If I could walk into court to place blame for a dead cellphone, the guilty party would be my clothing. Neither my blouse nor pants included pockets. That’s a violation against cellphone storage. I had no choice, when taking my laundry to the basement for washing, but to place my cellphone atop the laundry sitting inside of a round basket. If I held the phone
“Can someone take the top off this pickle jar? I can’t do it.” “Give it to Shirley. She can do anything, especially if it needs muscle!” This conversation occurred when I was 13. It was a time in my life when I was part of a group of kids who lived on the same block and got together to talk, play, and try to find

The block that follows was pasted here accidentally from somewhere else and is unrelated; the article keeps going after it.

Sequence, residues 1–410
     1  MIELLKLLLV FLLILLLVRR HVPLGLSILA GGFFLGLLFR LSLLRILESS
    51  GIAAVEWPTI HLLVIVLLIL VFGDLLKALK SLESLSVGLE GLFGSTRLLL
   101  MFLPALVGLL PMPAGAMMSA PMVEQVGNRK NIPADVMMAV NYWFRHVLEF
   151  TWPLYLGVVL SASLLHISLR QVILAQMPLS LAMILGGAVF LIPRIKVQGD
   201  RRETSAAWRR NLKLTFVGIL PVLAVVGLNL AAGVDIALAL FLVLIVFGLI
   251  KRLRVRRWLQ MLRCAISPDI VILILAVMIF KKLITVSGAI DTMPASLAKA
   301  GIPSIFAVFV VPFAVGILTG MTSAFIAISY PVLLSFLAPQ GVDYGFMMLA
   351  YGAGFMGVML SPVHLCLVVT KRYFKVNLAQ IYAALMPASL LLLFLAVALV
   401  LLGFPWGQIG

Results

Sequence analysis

My mom asked me to complete her tax return. This happened years ago when she didn’t know that knowledgeable tax representatives were available at a local library, a place where she faithfully goes now. Mom presented me with her documents and the previous year’s return as a guide. I began sorting everything, and as I calculated each line, I realized that a document was missing.
Like all teenagers, I thought I could get away with breaking my mother’s rules. She sought to curb my bad behavior before I harmed myself by saying: “Someone who lives across the street is watching you at all times.” I didn’t challenge her out loud, but my immature teenage brain was furiously trying to make sense of what my mom said. Who was this mysterious
“I want to be a cashier.” That’s what I announced to my mom in 1962 on my first trip with her to the supermarket. The job looked fascinating through my young eyes. The ladies seemed to be enjoying their jobs, and enjoyment was definitely what I wanted in life. Mom scoffed at me. “That’s what you want?” she asked with a sour look on her